Jules Joseph Lefebvre was born on March 14th, 1836. Though his father was only a baker, Jules Joseph Lefebvre nonetheless encouraged his son to pursue painting, sending him to study in Paris in 1852. There, Lefebvre became a pupil of Léon Cogniet and a year later started attending the École des Beaux Arts. His debut at the Paris Salon was in 1855. Jules Joseph Lefebvre then spent the next few years pursuing the coveted Prix de Rome (the main competition for young painters, which would win him five years of study in Rome and a reputation that would all but guarantee a successful career). In 1859 Jules Joseph Lefebvre came close, placing second. Two years later the history painting The Death of Priam would win him first place.- Lefebvre Jules Joseph oil paintings reproductions France- Bio Lefebvre Jules Joseph oil painting France - reproduction oil paintings, oil painting reproduction of Lefebvre Jules Joseph and reproduction oil paintings Lefebvre Jules.
It would be during his stay in Rome that Jules Joseph Lefebvre would find his individual artistic niche. Able to study the great Italian masters, Lefebvre was fascinated by the Mannerist painters, especially Andrea del Sarto. Jules Joseph Lefebvre copied his work avidly and demonstrated Andrea's influence in his painting Boy Painting a Tragic Mask (1863). It was also during this time that his interest in the female nude began, painting his first in 1863. Among other works Jules Joseph Lefebvre did in Rome, Jules Joseph Lefebvre sent the narrative Roman Charity to the salon of 1864 and painted Cornelia, Mother of the Gracchi in 1866. The latter narrative, however, was ill received by experts, arousing overwhelming criticism. That same year his parents and one of his sisters died. These negative events in both his personal and professional life sent him into severe depression.
He emerged from his depression and came back to Paris with a different approach to art and a change of interest in subject matter. Jules Joseph Lefebvre apparently became disenchanted with the traditional formulaic approach to painting, instead turning towards more precise rendering from life. In 1868 Jules Joseph Lefebvre exhibited a Reclining Nude at the Salon, which unlike his last significant work, won him much praise. Two years later, his allegory of Truth became his first great success. A beautiful young woman holds up a mirror (the conventional symbol of truth). This symbol, though, is at the very top of the painting, so, in order to get to it one's eye has to caress the sensuous feminine curves over the length of the outstretched figure. Shortly after the success of this nude, Jules Joseph Lefebvre was made an officer in the Legion of Honor.
What followed in the decades to come were variations on Truth. His many beautiful nudes took the roles of Mary Magdalene (1876), Pandora (1877), Diana (1879), Psyche (1883), and Aurora among others. His nudes became so famous that his only rival was considered to be Bouguereau. Unlike Bouguereau's figures though, Lefébvre used a greater variety of models, which can be seen in his work.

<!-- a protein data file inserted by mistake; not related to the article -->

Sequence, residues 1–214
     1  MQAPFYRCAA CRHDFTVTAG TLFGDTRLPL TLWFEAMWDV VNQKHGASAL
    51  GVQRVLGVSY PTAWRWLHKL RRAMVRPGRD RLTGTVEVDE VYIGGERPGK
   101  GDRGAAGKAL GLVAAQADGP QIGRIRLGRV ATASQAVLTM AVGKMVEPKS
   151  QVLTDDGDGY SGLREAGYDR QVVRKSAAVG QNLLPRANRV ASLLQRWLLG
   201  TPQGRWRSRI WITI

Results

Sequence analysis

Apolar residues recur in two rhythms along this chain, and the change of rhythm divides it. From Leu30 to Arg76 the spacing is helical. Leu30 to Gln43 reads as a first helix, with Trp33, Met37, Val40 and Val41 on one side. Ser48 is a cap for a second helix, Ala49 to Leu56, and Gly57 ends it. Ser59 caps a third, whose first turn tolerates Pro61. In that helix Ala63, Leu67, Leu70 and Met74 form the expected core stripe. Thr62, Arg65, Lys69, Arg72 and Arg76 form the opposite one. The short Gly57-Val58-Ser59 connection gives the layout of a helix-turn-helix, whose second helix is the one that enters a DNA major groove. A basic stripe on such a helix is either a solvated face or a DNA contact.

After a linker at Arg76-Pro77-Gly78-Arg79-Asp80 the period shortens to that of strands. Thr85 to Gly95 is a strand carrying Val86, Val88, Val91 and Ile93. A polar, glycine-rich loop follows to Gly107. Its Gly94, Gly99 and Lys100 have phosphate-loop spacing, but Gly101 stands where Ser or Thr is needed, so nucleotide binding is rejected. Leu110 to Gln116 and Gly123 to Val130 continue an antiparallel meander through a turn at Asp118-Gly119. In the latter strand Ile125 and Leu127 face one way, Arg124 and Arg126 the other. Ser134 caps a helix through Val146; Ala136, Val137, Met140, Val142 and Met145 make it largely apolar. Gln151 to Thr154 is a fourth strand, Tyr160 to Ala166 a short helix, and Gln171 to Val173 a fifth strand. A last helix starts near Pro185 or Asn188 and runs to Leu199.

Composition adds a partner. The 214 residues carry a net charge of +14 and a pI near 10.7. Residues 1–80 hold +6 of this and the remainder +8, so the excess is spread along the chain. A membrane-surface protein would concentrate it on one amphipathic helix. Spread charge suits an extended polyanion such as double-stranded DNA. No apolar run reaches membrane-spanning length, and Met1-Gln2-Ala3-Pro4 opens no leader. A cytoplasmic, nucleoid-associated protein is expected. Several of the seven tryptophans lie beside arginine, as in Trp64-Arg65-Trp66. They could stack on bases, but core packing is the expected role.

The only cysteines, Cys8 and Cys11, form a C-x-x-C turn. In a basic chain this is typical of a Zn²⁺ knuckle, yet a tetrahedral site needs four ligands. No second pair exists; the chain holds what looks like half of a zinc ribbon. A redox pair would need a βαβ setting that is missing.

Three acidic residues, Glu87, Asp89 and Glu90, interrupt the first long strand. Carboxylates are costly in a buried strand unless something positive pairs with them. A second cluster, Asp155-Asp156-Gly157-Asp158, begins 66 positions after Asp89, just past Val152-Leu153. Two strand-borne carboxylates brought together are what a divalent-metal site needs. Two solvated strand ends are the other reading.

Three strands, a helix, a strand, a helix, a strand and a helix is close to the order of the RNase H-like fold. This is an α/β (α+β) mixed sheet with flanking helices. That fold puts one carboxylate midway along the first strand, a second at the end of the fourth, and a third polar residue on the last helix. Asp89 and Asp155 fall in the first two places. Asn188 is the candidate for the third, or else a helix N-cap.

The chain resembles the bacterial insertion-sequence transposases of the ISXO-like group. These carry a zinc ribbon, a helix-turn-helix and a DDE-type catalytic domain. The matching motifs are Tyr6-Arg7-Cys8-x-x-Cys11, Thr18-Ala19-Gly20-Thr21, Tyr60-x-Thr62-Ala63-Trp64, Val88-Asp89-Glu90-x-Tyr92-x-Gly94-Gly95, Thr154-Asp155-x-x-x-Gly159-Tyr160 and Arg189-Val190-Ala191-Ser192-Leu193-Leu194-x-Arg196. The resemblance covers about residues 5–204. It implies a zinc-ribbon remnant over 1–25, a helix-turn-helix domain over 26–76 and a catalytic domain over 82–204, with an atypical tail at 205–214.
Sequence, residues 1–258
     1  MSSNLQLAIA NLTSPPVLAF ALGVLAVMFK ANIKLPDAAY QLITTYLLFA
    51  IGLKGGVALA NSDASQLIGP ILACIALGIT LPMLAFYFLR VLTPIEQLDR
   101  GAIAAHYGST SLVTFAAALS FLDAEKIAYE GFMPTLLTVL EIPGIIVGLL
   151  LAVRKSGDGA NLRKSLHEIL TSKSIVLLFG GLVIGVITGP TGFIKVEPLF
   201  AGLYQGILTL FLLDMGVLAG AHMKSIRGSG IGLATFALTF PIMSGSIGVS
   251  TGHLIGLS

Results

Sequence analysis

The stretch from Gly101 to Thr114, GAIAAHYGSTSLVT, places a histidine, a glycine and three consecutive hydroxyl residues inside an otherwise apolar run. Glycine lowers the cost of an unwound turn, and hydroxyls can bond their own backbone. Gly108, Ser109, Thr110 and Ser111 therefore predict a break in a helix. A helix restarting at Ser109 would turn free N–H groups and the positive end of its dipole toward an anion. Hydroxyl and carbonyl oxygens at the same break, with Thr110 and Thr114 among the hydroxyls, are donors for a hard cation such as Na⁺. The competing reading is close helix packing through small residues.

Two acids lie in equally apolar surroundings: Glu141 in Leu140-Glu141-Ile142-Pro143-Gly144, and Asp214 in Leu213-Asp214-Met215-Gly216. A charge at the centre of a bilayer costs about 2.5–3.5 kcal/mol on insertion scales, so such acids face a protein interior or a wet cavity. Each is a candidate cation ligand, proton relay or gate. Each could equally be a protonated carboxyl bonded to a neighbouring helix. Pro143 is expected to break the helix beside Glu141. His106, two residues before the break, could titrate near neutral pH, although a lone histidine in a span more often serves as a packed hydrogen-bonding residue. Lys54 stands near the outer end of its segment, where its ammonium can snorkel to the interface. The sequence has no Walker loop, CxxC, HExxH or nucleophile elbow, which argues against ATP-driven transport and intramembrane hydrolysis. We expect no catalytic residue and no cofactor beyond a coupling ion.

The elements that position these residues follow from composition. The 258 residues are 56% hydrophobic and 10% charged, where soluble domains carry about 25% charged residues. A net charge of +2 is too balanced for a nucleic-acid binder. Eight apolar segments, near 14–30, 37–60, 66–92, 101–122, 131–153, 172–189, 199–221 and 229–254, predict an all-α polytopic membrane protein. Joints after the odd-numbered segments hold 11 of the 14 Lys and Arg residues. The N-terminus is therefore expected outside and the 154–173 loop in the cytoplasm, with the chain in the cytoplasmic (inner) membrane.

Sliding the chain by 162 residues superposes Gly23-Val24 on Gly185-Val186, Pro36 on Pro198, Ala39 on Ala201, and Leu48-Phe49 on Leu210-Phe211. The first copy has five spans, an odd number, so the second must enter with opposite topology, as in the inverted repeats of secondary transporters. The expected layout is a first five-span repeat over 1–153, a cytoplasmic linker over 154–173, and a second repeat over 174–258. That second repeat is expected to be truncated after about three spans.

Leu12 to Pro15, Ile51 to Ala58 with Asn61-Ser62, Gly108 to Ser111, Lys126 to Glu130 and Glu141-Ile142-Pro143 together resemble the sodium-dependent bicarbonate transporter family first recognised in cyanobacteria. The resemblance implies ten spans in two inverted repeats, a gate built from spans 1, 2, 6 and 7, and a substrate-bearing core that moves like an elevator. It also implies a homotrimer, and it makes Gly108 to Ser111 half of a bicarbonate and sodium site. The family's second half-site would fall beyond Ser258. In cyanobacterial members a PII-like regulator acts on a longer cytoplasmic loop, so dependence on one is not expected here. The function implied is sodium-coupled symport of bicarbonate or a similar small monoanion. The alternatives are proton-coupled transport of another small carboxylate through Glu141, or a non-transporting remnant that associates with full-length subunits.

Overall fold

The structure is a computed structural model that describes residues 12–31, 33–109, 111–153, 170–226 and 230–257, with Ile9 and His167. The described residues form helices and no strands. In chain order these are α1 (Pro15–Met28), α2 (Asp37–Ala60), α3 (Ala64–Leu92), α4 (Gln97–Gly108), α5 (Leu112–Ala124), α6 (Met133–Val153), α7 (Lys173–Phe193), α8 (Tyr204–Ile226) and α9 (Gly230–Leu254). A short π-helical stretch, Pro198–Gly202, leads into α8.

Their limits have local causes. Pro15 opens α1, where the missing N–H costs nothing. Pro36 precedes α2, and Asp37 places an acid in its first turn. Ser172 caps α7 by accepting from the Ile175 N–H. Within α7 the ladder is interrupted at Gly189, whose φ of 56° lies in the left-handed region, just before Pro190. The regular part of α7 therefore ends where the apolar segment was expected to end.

It is not surprising then that Jules Joseph Lefebvre exhibited seventy-two portraits at the Paris Salon from 1855 to 1898. Most, of course, are of women. Among those who sat for him include his daughter Yvonne, the Imperial Prince in 1874, and the novelist Alexandre Dumas (1869), who also seems to have admired his nudes, purchasing a Femme Nue in 1892.
In the 1870's Jules Joseph Lefebvre became a teacher at the Academie Julien (an atelier that trained women artists as well as men over a decade before they were also permitted into L'École des Beaux Arts). There Jules Joseph Lefebvre is said to have insisted to his students on absolute precision in life drawing. There Jules Joseph Lefebvre became the most admired and sought after teacher of American ex-patriots, who came to Paris to study. Among his most famous American students, were Child Hassam, Frank Benson and Edmund Tarbell.- Lefebvre Jules Joseph oil paintings reproductions France- Bio Lefebvre Jules Joseph oil painting France - reproduction oil paintings, oil painting reproduction of Lefebvre Jules Joseph and reproduction oil paintings Lefebvre Jules.
Following the success of Truth, his accolades kept accumulating. Having won increasingly significant acclaim at the Universal Expositions, Jules Joseph Lefebvre ended up winning the grand prize in 1889. In 1891, Jules Joseph Lefebvre was made a member of the Academie des Beaux Arts. And in 1898, Jules Joseph Lefebvre was promoted to Commander in the Legion of Honor.
What was admired then about Lefebvre, and can be admired today is the idealized realism of his figures. His "thousand adorable creatures" are beautiful yet individualized. Jules Lefebvre died on February 24th 1912. (From TOPERFECT)